Talks are under way that could lead to the resignation of Pakistani President Pervez Musharraf or reduce his role to that of a figurehead as the ruling coalition steps up pressure to impeach him, an ally of the embattled leader said Friday.
However, a spokesman for Musharraf denied he was about to step down.
Political opponents of the president have suggested he could resign within days before an impeachment process that could begin as early as next week. But Musharraf's office said an impeachment could drag on for months because the procedure is not laid out in the constitution and there is no precedent in Pakistan's turbulent 61-year history.
Former army chief Musharraf dominated Pakistan for years after seizing power in a 1999 military coup, gaining favor from the United States after supporting it in the war on terror. But his rivals won February parliamentary elections and formed a coalition that has already largely sidelined him and is now seeking to push him out of office.
Both allies and rivals of Musharraf confirm that there are discussions in progress that could lead to the president's resignation.
"There are a lot of background talks going on, whereby a way is trying to be found so that there is no impeachment," Sen. Tariq Azim, a top official in the pro-Musharraf Pakistan Muslim League-Q party, said Friday.
He said resignation along with legal protections such as immunity was one option and another was stripping the presidency down to a figurehead role. However, coalition officials rejected the idea of reducing his powers, insisting he must go.
Asked if Musharraf had decided to quit, Azim told The Associated Press he was still weighing his options.
"There are people who are advising him to avoid confrontation, but I don't think he has made up his mind."
Azim said all sides agreed an impeachment battle would strain the country at a time when it already faces critical challenges, such as a faltering economy and an emboldened Islamic militant movement.
"It is at the moment that Pakistan cannot afford confrontation," Azim said. "And it's obvious that the present government and President Musharraf cannot get along. So it is in the best interest of Pakistan that some way is found whereby this mode of confrontation can be changed or can be more conciliatory."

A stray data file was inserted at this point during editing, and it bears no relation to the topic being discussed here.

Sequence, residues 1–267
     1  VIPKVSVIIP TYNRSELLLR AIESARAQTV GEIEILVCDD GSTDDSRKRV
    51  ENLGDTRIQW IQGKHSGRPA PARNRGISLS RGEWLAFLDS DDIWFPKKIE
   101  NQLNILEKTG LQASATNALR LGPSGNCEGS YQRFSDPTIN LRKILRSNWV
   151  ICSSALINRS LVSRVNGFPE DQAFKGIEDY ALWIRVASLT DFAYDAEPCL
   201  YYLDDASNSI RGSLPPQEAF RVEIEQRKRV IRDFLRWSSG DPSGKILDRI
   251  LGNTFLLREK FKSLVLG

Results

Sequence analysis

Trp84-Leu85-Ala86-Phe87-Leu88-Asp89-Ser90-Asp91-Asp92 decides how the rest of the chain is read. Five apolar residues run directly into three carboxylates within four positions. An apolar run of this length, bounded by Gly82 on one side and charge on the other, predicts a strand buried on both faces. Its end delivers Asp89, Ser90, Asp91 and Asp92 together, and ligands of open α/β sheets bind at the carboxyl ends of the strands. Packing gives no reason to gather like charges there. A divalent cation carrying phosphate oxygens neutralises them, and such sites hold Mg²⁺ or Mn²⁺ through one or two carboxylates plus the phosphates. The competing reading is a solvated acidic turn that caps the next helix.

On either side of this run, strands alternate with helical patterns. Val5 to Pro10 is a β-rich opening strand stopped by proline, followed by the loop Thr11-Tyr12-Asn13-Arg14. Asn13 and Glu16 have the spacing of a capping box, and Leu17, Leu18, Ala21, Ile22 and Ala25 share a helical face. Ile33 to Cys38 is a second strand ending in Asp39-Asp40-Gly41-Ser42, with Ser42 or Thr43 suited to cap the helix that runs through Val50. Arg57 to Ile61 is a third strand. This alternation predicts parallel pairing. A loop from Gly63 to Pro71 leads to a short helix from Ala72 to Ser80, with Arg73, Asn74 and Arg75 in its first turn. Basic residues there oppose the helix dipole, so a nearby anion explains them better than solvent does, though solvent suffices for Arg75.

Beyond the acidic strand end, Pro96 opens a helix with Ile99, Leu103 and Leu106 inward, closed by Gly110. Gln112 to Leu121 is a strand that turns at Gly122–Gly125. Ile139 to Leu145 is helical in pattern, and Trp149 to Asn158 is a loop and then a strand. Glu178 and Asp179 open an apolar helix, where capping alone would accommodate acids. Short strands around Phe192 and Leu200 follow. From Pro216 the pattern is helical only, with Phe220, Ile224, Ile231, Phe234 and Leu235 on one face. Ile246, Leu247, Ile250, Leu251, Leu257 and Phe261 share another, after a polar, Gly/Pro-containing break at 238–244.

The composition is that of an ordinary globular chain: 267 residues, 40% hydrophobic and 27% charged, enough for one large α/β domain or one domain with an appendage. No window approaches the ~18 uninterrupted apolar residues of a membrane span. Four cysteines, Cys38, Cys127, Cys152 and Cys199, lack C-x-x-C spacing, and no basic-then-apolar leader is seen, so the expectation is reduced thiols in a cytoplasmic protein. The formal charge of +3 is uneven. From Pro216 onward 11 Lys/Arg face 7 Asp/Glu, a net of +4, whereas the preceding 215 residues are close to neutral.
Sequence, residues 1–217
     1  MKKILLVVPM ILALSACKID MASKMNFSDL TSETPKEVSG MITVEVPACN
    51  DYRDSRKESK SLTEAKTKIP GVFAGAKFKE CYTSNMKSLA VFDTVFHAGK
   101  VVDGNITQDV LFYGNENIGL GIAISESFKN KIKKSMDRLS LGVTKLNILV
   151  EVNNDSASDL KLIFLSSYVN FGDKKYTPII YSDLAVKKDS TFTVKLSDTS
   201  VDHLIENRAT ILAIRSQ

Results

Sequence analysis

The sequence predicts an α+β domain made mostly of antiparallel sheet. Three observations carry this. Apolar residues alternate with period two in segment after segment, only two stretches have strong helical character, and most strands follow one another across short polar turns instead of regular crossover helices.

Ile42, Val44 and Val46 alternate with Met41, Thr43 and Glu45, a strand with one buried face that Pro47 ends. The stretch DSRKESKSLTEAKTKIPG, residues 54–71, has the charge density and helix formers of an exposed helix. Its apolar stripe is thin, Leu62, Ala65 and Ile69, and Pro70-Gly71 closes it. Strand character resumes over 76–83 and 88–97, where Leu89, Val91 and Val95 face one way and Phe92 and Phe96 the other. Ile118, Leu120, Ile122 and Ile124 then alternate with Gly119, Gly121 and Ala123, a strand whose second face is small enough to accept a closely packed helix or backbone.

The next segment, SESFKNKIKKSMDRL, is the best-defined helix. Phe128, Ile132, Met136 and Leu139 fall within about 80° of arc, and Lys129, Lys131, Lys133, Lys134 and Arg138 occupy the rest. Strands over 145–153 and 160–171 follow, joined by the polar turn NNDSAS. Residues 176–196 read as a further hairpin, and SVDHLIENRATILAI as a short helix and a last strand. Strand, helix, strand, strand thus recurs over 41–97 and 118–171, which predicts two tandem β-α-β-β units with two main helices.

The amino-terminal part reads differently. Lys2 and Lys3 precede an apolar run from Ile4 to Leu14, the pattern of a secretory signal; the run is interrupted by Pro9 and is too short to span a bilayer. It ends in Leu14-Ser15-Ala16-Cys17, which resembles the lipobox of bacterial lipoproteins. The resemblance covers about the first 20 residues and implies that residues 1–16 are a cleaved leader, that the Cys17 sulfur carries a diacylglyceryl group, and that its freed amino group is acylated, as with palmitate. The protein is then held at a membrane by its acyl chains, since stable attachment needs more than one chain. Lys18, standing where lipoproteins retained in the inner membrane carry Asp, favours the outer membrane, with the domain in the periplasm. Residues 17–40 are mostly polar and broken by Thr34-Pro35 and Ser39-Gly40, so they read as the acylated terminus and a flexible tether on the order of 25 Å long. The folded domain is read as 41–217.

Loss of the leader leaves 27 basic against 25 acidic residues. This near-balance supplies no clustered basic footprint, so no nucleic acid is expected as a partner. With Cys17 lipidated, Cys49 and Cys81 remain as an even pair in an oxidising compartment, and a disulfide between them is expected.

However, Musharraf's spokesman Rashid Qureshi denied he was about to resign or was seeking legal immunity in order to do so.
"These unsubstantiated spate of reports are totally baseless and malicious," Qureshi said. He claimed such talk was having a "negative impact" on the country's economy.
Musharraf, who gave up his dual role as army chief late last year, has grown increasingly unpopular through his tenure. Many Pakistanis blame rising violence in their country on his partnership with the United States. His popularity hit new lows in 2007 when he ousted dozens of judges and imposed emergency rule in bids to avoid challenges to his rule.
In recent days, the pressure on Musharraf to resign has grown. Three of Pakistan's four provincial assemblies passed resolutions this week denouncing the president and urging him to seek a vote of confidence or resign.
Ruling coalition officials have said an impeachment motion could reach parliament as early as next week and could be wrapped up by the end of the month. But officials in the presidency say it could take months as even the procedure for it is not laid out in the constitution.
The constitution says that the grounds for impeachment are violation of the constitution or gross misconduct. And no president has ever been impeached in Pakistani history.
"Once they issue impeachment proceedings against him and issue a charge sheet, then it will become almost inevitable that he will want to answer those charges," said Azim. "He feels very strongly that a lot of that is being said is not correct."
Pakistan's Defense Minister Ahmad Mukhtar said the ruling coalition was in touch with Musharraf's aides.
"We have conveyed to them that the coalition is determined for impeachment, and if he wants to save himself, the best way is for him to quit," Mukhtar said.
The ruling coalition has not voiced a united position on whether it would be willing to grant Musharraf legal immunity.
Mukhtar indicated Friday he would not oppose that.
"If a person moves to the side, we are not in the habit of bothering him. This would not be a good attitude, if someone is lying on the ground and we go aggressively against him."
But on Thursday, former Prime Minister Nawaz Sharif, who leads the second biggest party in the ruling coalition, said he opposed granting legal immunity to Musharraf. Sharif's party has previously said Musharraf should be tried for treason.
Sharif, whom Musharraf pushed out of power in his coup, alleged the president had violated the constitution and compromised the nation's sovereignty, a reference to Musharraf's alliance with the U.S. in the war on terror.
As president, Musharraf still retains the power to dissolve parliament, but such a step would be enormously controversial, and even his allies have advised him against it.
Such a move also would require the support of the army, which has indicated it wants to stay out of politics. There have been no public signs that the army is coming to rescue its former chief — a significant factor in a country that has spent more than half of its 61 years under military rule.